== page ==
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Procedure : 2021/2506(RSP)
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RC-B9-0072/2021

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PV 21/01/2021 - 7.2
CRE 21/01/2021 - 7.2

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Texts adopted :

P9_TA(2021)0028

Texts adopted
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Thursday, 21 January 2021 - Brussels Provisional edition
Human rights situation in Turkey, in particular the case of Selahattin Demirtaş and other prisoners of conscience
P9_TA-PROV(2021)0028RC-B9-0072/2021

European Parliament resolution of 21 January 2021 on the human rights situation in Turkey, in particular the case of Selahattin Demirtaş and other prisoners of conscience (2021/2506(RSP))

The European Parliament,

–  having regard to its previous resolutions on Turkey, in particular those of 8 February 2018 on the current human rights situation in Turkey(1), of 13 March 2019 on the 2018 Commission Report on Turkey(2), and of 19 September 2019 on the situation in Turkey, in particular the removal of elected mayors(3),

–  having regard to the Commission communication of 6 October 2020 on EU enlargement policy (COM(2020)0660) and to the accompanying Turkey 2020 Report (SWD(2020)0355),

–  having regard to the Negotiating Framework for Turkey of 3 October 2005,

–  having regard to Council Regulation (EU) 2020/1998(4) concerning the global human rights sanctions regime,

–  having regard to the Council conclusions of 10 and 11 December 2020, and to other relevant Council and European Council conclusions on Turkey,

–  having regard to the judgment of the European Court of Human Rights (ECtHR) Grand Chamber of 22 December 2020 in the case of Demirtaş v Turkey (14305/17),

–  having regard to the judgment of the European Court of Human Rights (ECtHR) of 20 November 2018 in the case of Demirtaş v Turkey,

–  having regard to Rule 144(5) and 132(4) of its Rules of Procedure,

A.  whereas Turkey is an EU candidate country and a long-standing member of the Council of Europe; whereas, as member of the Council of Europe, Turkey is a party to the European Convention on Human Rights (ECHR) and bound to the provisions and the case law of the ECtHR;

B.  whereas, since mid-September 2020, Turkish police have been carrying out large-scale dawn raids across Turkey in which dozens of politicians, political activists, lawyers, and other civil society actors have been detained under ‘terrorism’-related charges; whereas on 31 December 2020 the new law on Preventing Financing of Proliferation of Weapons of Mass Destruction entered into force in Turkey, with only six of its articles including means and regulations to combat the financing of terrorism and the rest granting the Turkish Interior Ministry and the President extensive authority to restrict the activities of non-governmental organisations (NGOs), business partnerships, independent groups and associations and to diminish their role;

C.  whereas Mr Selahattin Demirtaş, former member of the Turkish Parliament between 2007 and 2018, former co-chair of the Turkish Peoples’ Democratic Party (HDP) and presidential candidate during the elections of 2014 and 2018 (receiving 9,76 % and 8,32 % of the votes), has been detained for more than 4 years on unsubstantiated charges and in spite of two ECtHR rulings in favour of his release;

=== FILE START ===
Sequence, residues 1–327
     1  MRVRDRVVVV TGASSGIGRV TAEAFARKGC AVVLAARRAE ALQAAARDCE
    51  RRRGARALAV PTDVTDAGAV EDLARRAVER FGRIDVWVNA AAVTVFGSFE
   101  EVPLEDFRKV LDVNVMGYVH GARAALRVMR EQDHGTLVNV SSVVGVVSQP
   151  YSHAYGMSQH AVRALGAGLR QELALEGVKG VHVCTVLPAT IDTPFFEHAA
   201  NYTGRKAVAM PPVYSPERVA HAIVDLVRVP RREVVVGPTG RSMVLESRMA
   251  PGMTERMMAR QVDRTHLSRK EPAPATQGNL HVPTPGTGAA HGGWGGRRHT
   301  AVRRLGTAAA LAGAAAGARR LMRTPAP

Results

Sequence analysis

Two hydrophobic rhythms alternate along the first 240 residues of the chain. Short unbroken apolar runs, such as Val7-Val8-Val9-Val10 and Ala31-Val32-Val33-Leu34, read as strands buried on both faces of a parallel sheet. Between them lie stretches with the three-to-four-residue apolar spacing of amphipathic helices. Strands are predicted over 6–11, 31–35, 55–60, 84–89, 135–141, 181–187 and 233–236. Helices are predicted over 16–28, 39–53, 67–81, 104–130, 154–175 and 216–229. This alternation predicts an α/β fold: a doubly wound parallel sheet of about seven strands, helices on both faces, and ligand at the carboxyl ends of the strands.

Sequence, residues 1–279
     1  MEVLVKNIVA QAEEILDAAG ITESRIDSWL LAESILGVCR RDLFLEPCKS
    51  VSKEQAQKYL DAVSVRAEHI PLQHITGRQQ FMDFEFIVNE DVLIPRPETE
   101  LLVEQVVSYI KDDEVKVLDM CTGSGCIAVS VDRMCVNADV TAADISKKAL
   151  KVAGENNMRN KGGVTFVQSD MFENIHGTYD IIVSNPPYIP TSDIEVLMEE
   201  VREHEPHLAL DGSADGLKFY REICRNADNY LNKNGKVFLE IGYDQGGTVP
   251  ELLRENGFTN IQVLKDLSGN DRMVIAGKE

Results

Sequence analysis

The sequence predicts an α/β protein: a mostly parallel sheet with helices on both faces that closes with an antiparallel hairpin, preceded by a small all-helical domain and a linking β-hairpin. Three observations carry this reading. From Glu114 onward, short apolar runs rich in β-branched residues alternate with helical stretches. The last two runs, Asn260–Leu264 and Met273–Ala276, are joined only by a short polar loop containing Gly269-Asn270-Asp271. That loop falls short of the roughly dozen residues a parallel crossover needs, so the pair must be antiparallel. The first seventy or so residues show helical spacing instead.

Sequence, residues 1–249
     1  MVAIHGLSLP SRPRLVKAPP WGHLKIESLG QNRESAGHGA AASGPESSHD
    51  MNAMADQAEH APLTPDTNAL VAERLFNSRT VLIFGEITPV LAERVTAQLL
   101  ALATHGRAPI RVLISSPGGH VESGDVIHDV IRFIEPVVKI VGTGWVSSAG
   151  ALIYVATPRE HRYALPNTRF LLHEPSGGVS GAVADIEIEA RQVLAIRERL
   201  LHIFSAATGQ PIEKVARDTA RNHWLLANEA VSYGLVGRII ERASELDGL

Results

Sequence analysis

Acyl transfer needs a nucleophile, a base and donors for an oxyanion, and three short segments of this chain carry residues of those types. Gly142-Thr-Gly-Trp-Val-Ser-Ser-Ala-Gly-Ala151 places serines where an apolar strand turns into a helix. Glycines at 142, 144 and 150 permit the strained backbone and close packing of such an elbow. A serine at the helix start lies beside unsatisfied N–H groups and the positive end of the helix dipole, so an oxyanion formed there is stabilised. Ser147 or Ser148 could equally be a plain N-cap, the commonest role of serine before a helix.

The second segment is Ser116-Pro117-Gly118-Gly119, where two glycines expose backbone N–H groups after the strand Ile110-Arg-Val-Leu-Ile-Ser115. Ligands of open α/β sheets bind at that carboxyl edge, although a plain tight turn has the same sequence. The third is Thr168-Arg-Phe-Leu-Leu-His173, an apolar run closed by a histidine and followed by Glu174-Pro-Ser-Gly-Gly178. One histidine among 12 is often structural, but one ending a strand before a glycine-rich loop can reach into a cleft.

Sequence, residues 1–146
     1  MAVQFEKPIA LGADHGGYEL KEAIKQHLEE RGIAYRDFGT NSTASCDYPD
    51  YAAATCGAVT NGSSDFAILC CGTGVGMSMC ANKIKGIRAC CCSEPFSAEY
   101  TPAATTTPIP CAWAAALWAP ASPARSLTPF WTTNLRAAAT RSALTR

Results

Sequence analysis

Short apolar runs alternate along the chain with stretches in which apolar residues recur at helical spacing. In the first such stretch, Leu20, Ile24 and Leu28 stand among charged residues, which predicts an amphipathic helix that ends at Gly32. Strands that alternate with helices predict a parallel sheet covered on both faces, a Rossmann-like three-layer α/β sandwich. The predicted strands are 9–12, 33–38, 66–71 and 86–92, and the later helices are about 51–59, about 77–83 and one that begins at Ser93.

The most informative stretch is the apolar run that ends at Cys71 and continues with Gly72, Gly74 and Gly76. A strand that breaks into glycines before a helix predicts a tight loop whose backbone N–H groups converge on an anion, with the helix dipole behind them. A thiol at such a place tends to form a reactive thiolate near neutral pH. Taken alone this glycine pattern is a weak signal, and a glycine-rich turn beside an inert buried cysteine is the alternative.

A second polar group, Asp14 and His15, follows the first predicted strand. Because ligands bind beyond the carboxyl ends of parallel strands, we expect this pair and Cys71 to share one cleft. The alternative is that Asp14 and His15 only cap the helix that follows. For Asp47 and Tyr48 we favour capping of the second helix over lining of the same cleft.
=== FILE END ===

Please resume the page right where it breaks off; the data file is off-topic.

D.  whereas Mr Demirtaş was initially detained on 4 November 2016 with eight other democratically elected HDP Members of Parliament, including the former HDP co-chair Ms Figen Yüksekdağ, and was prosecuted on charges of ‘membership of a terrorist organisation’ ‘spreading terrorist propaganda’ and many other crimes, which was the start of the Turkish Government’s ongoing assault on the party and part of a broader pattern of politically motivated prosecutions and incarcerations; whereas, despite winning 65 mayoralties across the country in local elections in 2019, just six HDP mayors remain in office today, with the rest removed from office or jailed and replaced with government-appointed trustees;

E.  whereas on 20 September 2019, the same day on which Mr Demirtaş should have been released in accordance with a decision of the Istanbul 26th Assize Court, the Ankara chief prosecutor cited an old and dormant ongoing investigation as grounds for detaining Mr Demirtaş and Ms Yüksekdağ once again; whereas Mr Demirtaş therefore remains in pre-trial detention in relation to an investigation into the October 2014 protests that took place against the siege of Kobane by ISIS and in criticism of the Turkish Government’s inaction and silence in the face of an imminent massacre, which turned violent and claimed dozens of lives;

F.  whereas on 22 December 2020, the ECtHR Grand Chamber ruled that in initially detaining Mr Demirtaş and then prolonging his detention for over 4 years, the Turkish Government had pursued an ulterior motive of preventing him from carrying out his political activities, depriving voters of their elected representative, and ‘stifling pluralism and limiting freedom of political debate: the very core of the concept of a democratic society’, and had violated Article 18 of the ECHR; whereas the final ruling concluded that there were insufficient reasons for continued detention and again ordered Mr Demirtaş’ immediate release; whereas according to the ECtHR, Turkey also violated freedom of expression (Article 10 of the ECHR), the right to liberty and security (Articles 5(1) and 5(3) of the ECHR) and the right to elect and to be elected (Article 3(1) of the ECHR); whereas the ECtHR found no clear link between Mr Demirtaş’ speeches and terrorism offences;